Do you plan to get back into hiking this Spring? What you want to avoid is coming to my office with a black and bloody toenail. 

How to Prevent A Black, Bloody Toenail After Hiking

  • Get your feet measured at a store before making a purchase. Also, a shoe fitter should be able to feel where your toes are in your boots and let you know if you've got the correct size.
  • Lacing the shoes. To prevent your feet from moving forward and having your toes hit the front of your boots, lacing can help keep your feet back. (Learn how to lace your shoes here.)
  • Buy sock with the proper thickness. Socks that are too thick can also put too much pressure on the nail and cause damage

Why It's Important to Prevent A Black Toenail

Pressure and Pain

Let's go into a little bit of what does the discolored nail mean. Why is that so important to do anything about it? If it's minimal and there's no discomfort with it, it may well resolve on its own. The blackening is caused by microtrauma to the toenail and the nail bed underneath where bleeding has occurred. This bleeding, if it's of any extent, will accumulate under the nail, build up, form what we call a hematoma and pressure and pain.

Loose Toenail That Can Fall Off

Your nail can become loose and fall off exposing the area underneath to infection.

Fungal and Thick Toenails Can Develop

When this kind of trauma goes on over time besides developing bleeding under the nail you can develop a  fungal infection of the toenail called onychomycosis. And the nail, in and of itself, besides being black, becomes thickened and discolored, often yellow, black, even green. Is a problem unto itself that needs separate attention and treatment. Learn more about fungal toenail treatment here.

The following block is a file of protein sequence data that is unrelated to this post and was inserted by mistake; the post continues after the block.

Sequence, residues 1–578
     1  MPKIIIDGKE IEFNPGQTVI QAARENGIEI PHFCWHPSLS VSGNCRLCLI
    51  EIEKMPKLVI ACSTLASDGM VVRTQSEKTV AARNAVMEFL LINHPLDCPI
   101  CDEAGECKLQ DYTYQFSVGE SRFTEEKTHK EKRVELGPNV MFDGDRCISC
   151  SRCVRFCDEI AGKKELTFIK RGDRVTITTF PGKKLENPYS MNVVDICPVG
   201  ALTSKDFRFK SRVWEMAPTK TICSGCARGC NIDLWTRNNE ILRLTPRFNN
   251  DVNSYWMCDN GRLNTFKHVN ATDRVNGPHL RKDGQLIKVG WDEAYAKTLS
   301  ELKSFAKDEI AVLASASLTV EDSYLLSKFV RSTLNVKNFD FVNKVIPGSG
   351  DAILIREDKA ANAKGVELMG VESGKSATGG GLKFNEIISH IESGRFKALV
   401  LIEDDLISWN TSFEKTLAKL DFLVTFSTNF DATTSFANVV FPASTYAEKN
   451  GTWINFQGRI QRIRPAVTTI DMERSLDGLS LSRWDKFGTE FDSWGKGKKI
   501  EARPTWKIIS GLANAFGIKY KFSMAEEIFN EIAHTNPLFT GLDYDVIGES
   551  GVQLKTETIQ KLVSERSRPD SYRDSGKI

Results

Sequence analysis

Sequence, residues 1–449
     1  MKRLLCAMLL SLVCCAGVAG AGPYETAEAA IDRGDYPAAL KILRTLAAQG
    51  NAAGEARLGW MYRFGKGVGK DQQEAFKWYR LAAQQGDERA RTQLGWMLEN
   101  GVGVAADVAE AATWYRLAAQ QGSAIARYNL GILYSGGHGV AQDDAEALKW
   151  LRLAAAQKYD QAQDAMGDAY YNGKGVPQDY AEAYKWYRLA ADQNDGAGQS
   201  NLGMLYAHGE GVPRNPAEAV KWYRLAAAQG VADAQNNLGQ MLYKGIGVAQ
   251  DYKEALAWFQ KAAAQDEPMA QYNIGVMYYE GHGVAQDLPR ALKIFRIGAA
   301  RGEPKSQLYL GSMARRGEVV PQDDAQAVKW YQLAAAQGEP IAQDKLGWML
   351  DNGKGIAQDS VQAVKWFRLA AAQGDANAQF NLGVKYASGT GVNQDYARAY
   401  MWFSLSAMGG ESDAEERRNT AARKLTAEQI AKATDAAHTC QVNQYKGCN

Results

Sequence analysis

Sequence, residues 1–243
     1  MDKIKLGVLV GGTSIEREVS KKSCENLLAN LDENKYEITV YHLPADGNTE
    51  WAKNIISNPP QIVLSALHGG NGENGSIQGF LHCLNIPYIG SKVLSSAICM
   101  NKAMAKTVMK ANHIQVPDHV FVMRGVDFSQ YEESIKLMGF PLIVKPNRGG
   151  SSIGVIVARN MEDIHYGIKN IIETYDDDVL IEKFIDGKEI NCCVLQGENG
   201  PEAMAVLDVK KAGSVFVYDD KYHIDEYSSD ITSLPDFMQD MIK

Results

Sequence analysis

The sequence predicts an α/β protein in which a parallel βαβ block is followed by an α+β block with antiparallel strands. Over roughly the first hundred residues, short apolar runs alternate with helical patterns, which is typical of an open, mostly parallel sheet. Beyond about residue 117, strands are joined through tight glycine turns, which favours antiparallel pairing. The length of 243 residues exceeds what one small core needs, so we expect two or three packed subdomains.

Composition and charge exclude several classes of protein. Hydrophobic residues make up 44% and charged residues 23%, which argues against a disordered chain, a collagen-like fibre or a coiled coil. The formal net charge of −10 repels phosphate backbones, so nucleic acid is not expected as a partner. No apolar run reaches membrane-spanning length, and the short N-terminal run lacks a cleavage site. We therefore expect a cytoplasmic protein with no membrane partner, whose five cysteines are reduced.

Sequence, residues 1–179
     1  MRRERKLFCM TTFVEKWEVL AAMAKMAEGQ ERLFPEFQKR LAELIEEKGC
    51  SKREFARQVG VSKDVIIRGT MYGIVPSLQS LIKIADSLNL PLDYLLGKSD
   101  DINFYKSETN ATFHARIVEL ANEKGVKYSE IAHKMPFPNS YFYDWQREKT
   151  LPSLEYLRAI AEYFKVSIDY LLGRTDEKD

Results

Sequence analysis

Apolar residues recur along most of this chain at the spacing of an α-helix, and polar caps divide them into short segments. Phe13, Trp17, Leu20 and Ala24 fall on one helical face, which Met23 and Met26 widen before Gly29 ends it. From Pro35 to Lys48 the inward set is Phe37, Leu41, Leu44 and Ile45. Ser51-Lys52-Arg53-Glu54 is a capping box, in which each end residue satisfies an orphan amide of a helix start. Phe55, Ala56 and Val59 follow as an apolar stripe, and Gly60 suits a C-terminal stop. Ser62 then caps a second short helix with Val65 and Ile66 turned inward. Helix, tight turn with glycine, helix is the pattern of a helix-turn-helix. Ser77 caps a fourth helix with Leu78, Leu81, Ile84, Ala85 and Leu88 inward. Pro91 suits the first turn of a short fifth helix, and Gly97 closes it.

Treatment for Loose or Black Toenails

If things progress to the point where the nail is actually loosened, don't attempt to remove it on your own. The safest thing is, besides applying ice if you can to relieve pain, is to bandaid or tape the nail to the nail bed until you can get home and seek medical attention.

If you've come home from your hike or finished your day's hike, and you've developed a very painful toenail that isn't just alleviated by removing the boot, that nail may need to be drained to relieve the pressure. A podiatrist will need to treat this problem.

Learn more about prevention and treatment of damaged toenails here. 

Dr. Rion Berg
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A podiatrist in North Seattle treating families for over 40 years.